Learn how to grow kohlrabi, a great addition to any fall vegetable garden. Kohlrabi is easy to grow and fast to mature, which makes it a great choice for fall or early spring planting.
You can learn how to grow kohlrabi with these helpful planting tips. Cabbage’s ‘crazy cousin’ kohlrabi is a fun, tasty addition to your fall vegetable garden.
It’s a root, it’s a tuber — no, it’s a super stem! So what exactly is this strange round vegetable with leafy projections? Though sometimes called “space cabbage,” kohlrabi really is a very down-to-earth veggie. German for “cabbage turnip,” kohlrabi is a member of the extensive cabbage family (which also includes broccoli, cauliflower, kale and mustard) and offers the same awesome health benefits as these cole crop cousins. Yet kohlrabi is easier to grow than its relatives, and fast to mature, making it ideal for fall or early spring planting.
Compared to the rest of the cabbage family, kohlrabi is thought to have been developed fairly recently — the 16th century — in central or northern Europe from a thick-stemmed plant known as “marrow cabbage.” The modern kohlrabi is actually an enlarged stem that develops into a bulb just above the soil.
The round bulbs can be steamed, stuffed or stir-fried; added to soups; or sliced and baked. Raw kohlrabi “chips” are crisp, sweet and mildly tangy, making them sensational with vegetable dips, or in salads and slaws. And don’t forget the greens: They make tasty, nutritious additions to salads and stir-fries.
Adventurous gardeners and cooks who try kohlrabi become fast fans, singing the praises of this unique, easy-to-grow veggie. Here’s how to bring out the best in this cool crop.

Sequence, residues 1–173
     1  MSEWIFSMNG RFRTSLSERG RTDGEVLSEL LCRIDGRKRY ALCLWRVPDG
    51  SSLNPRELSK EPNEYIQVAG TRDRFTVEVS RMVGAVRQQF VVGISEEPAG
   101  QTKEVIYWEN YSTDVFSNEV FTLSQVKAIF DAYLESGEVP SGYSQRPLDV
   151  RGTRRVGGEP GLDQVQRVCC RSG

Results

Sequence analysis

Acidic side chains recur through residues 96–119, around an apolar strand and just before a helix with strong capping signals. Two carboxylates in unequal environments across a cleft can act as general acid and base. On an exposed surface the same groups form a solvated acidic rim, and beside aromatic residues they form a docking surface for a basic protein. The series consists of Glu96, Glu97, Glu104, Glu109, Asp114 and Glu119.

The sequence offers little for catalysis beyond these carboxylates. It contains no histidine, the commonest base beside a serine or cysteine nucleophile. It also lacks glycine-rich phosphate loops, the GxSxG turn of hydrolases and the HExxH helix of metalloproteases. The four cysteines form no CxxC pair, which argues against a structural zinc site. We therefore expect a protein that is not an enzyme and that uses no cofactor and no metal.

Like other members of the cabbage clan, kohlrabi thrives in cool temperatures.
“You can grow kohlrabi in almost any region if you grow it in the spring or fall,” says Stephen Reiners, associate professor of horticulture for Cornell’s New York State Agricultural Experiment Station. “Good timing is key. You want to avoid having the bulbs form in hot weather, which can make them woody.” Allow 50 to 65 days from the time you sow your kohlrabi seeds to harvest, advises Reiners.
Brian Luton favors fall for growing kohlrabi at Stone’s Throw Farm in Nedrow, N.Y. From mid-July through early August, Luton starts the seeds in a greenhouse, using a homemade mixture of peat, perlite and vermiculite amended with greensand (glauconite), rock phosphate and lime, as well as 15 percent to 20 percent finished compost. “Kohlrabi likes a decent amount of compost right out of the gate,” he notes.
Luton transplants the small seedlings to the garden two to three weeks later (usually by the end of August), planting them 8 inches apart, with 10 to 12 inches between rows. The bulbs are ready for harvest by mid-September through October, depending on the variety and seasonal conditions, but they also can stay in the ground for on-demand harvests. “The mature bulbs are very frost tolerant and hold well in the garden,” he says. “In mild winters, I’ve harvested them in January.”